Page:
The Specialist Capuchin? Using Ecological Niche Models to Compare Niche Breadth in Mesoamerican Primates
The high degree of dietary breadth and flexibility in capuchins (Cebus and Sapajus), coupled with their advanced cognitive abilities, is well documented. Owing to these characteristics, capuchins may be considered highly adaptable generalists, capable of occupying a wide range of habitats. The Panamanian white-throated capuchin (Cebus (capucinus) imitator) coexists with several other primate genera in Mesoamerica. Some taxa, such as the mantled howler monkey (Alouatta palliata) and Geoffroy’s spider monkey (Ateles geoffroyi), have broader geographic ranges than C. imitator. This may be due to historical biogeography (e.g. earlier colonization of the region by Ateles and Alouatta) or, alternatively, because some habitats may be less suitable for capuchins. We investigated the latter hypothesis using ecological niche models (ENMs) to predict range extent based on climate and elevation, as well as niche breadth. Our results suggest a narrow climate niche relative to the more wide-ranging Ateles geoffroyi, as well as Alouatta spp. Precipitation in the coldest quarter and temperature seasonality were the two most important climate variables for determining C. imitator habitat suitability. These findings may have implications for capuchins’ ability to persist through environmental changes (climate change and forest degradation, and loss) and warrant consideration in assessing their extinction risk.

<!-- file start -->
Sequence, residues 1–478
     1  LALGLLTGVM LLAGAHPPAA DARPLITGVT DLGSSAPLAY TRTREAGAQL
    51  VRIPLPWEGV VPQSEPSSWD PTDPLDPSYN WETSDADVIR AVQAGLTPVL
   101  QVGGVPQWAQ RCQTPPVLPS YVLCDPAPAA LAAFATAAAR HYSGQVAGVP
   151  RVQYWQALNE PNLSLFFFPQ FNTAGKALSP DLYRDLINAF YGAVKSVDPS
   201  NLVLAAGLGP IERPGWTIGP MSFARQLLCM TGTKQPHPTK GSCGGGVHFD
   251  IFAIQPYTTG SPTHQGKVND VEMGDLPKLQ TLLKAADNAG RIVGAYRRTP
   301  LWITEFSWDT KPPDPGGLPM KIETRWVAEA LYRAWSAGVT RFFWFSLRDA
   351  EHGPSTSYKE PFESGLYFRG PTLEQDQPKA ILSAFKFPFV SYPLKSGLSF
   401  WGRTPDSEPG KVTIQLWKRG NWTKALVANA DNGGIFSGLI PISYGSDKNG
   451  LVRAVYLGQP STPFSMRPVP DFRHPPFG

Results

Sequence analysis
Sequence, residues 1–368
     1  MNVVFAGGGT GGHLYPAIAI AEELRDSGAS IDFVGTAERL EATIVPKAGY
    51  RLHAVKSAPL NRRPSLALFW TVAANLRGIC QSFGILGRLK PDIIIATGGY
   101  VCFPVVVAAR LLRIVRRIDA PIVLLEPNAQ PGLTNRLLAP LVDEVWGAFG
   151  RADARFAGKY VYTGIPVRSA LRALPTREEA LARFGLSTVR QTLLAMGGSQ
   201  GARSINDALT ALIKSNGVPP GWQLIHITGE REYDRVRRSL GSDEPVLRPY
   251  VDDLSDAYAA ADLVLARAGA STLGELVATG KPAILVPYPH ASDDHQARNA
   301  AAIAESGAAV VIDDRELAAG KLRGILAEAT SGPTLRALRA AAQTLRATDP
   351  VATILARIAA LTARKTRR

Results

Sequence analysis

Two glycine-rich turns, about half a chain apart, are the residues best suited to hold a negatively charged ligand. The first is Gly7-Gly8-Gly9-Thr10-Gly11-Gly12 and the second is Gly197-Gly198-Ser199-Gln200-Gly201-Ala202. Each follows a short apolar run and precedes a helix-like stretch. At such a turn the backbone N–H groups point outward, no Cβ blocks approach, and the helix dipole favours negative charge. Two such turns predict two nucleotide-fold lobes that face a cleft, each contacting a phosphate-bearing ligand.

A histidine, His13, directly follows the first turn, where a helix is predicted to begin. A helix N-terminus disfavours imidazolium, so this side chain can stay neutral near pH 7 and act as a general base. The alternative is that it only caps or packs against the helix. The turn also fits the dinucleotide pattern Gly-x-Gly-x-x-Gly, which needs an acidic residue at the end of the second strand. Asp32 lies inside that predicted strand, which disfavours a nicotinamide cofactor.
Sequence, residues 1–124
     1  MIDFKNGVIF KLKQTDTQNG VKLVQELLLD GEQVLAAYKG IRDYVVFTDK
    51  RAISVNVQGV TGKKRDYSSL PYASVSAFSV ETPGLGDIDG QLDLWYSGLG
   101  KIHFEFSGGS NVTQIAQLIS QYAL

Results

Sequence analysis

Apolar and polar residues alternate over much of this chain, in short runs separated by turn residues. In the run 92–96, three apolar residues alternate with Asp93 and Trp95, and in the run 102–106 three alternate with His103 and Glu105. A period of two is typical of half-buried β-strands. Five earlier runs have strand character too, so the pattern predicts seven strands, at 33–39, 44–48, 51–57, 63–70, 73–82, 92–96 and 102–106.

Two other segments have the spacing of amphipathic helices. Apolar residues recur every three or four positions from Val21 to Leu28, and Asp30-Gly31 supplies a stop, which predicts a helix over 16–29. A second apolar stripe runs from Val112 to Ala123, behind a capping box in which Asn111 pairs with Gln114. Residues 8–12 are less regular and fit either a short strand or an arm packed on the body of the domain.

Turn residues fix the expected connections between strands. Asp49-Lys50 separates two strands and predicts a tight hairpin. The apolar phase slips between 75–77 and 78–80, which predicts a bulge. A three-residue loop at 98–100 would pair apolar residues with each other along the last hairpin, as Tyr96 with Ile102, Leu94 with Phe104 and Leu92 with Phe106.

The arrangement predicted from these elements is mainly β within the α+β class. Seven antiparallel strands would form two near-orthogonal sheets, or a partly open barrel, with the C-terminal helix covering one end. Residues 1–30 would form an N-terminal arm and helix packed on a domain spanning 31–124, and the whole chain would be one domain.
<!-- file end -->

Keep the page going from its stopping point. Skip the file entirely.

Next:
KeywordsNiche models Mesoamerica Capuchin Howler monkey Spider monkey
We would like to thank Tracy Wyman for assistance with analyses and figures. In addition, we wish to express our appreciation to the editors and two anonymous reviewers for helpful improvements to the manuscript. We are also very grateful to the organizers of the Festschrift conference, held in Banff, Alberta, on December 2–3, 2016, for the opportunity to participate in this wonderful celebration of Dr. Fedigan’s distinguished career.
This paper evolved from discussions following various committee meetings, exams, and defences of several of Dr. Fedigan’s graduate students over the years and happily brought a lemurologist momentarily back to his capuchin roots. This is just one example of the great privilege and pleasure I (SEJ) have had to work with Linda over the past dozen years, and her intellectual inspiration long preceded that; I am grateful for her mentorship, leadership, and friendship.
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